Part of the moat of Haughley Castle
|Coordinates||grid reference TM025624|
|Type||Motte and bailey|
|Events||Revolt of 1173-4|
Haughley Castle was a medieval castle situated in the village of Haughley, some 4 kilometres (2.5 mi) north-west of the town of Stowmarket, Suffolk. Prominent historians such as J. Wall consider it "the most perfect earthwork of this type in the county," whilst R. Allen Brown has described it as "one of the most important" castle sites in East Anglia.
Haughley Castle was built in the late 11th century by Hugh de Montfort. The castle had a motte and bailey design, with a very large motte, 210 feet (64 m) wide at the base and 80 feet (24 m) tall. The bailey is rectangular, 390 feet (120 m) by 300 feet (91 m) across, with the entrance on the west side. Both the motte and the bailey were protected by a deep ditch, fed from a diverted stream from the west to produce a wet moat. Earlier investigations suggested that a stone shell keep had been built on the motte, but the foundations of this, if correct, can no longer be seen. A further bailey may have originally surrounded the surviving earthworks, enclosing the local church as well. The dimensions and scale of the castle has led J. Wall to describe Haughley as "the most perfect earthwork of this type in the county," whilst historian R. Allen Brown considers it "one of the most important" castle sites in East Anglia.
The castle formed the caput, or main castle, at the centre of the Honour of Haughley. The honour was sometimes known as the "honour of the constable", because the owner was obligated to provide castle-guard soldiers and knights to the constable of Dover Castle. Hugh de Montfort became a monk in 1088 and the castle passed through his family until the mid-11th century. Towards the end of King Stephen's reign the castle was given by the king to Henry of Essex, one of his supporters.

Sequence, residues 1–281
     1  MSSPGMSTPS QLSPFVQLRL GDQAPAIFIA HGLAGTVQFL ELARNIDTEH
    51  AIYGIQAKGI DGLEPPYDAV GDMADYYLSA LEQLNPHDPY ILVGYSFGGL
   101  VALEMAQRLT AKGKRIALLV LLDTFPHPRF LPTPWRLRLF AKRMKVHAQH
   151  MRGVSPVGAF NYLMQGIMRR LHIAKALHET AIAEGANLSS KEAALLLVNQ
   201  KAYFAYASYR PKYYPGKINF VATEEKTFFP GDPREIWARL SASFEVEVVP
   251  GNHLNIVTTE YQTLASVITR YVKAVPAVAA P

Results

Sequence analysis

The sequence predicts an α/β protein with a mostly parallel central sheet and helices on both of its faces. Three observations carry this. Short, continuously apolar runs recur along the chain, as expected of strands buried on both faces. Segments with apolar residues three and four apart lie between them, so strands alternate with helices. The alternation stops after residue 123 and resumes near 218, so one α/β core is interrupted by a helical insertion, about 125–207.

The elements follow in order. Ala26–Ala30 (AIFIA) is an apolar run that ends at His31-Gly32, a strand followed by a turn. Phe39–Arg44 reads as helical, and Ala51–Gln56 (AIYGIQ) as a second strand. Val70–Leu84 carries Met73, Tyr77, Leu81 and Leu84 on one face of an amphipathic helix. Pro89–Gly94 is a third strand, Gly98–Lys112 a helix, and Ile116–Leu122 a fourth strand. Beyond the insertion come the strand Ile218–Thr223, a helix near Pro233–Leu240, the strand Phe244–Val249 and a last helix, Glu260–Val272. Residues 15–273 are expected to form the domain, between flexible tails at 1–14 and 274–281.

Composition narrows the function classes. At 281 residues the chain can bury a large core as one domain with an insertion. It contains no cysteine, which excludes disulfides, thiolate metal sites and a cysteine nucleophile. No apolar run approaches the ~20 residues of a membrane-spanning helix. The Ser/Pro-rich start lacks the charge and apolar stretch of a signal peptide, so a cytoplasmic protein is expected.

By the late 12th century the Bigod family had come to dominate Suffolk, who held the title of the Earl of Norfolk and who were in competition with the Crown for control of the region. Henry II had taken the throne after the death of Stephen and Henry d'Essex lost favour after being accused and convicted of cowardice during the 1157 Welsh campaign - Haughley Castle was seized by Henry II in 1163, and by the mid-1170s, the castle was controlled on his behalf by Ralph de Broe and a garrison of 30 soldiers. Conflict broke out again in 1173, during the revolt of Henry's sons and the Bigod's ally Robert de Beaumont, the Earl of Leicester, landed on the East Anglian coast and marched west, placing the castle under siege. Ralph surrendered the castle, which was then burnt by Robert's forces, although the revolt subsequently failed. The castle was not rebuilt after its destruction in 1173.
- Wall, p.598; Brown (1989), p.128.
- Haughley Castle, National Monuments Record, English Heritage, accessed 17 July 2011.
- Wall, p.598.
- Wall, p.599; Haughley Castle, National Monuments Record, English Heritage, accessed 17 July 2011.
- Brown (1989), p.128.
- Brown (1989), p.129.
- Pounds, p.55; Brown (1962), p.191.
- Mackenzie, p.282; Redstone, p.304; Brown (1989), p.129; Haughley Castle, Gatehouse website, accessed 17 July 2011.
- Mackenzie, p.282.
- Haughley Castle, Gatehouse website, accessed 17 July 2011; Redstone, p.304.
- Redstone, p.304.
- 'Haughley Castle, Gatehouse website, accessed 17 July 2011.
- Brown, R. Allen. (1962) English Castles. London: Batsford. OCLC 1392314.
- Brown, R. Allen. (1989) Castles From the Air. Cambridge: Cambridge University Press. ISBN 978-0-521-32932-3.
- Mackenzie, J.D. (1896) Castles of England. New York: Macmillan.
- Page, William. (ed) (1911) The Victoria History of Suffolk, Vol. 1. London: University of London.
- Redstone, V.B. (1903) "Notes on Suffolk Castles: Haughley Castle and its Park," Proceedings of the Suffolk Institute of Archaeology and History 11:3, pp. 301–7.
- Wall, J. C. (1911) "Ancient Earthworks," in Page (ed) (1911).
- Fry, Plantagenet Somerset. (1980) The David & Charles Book of Castles David & Charles. ISBN 0-7153-7976-3.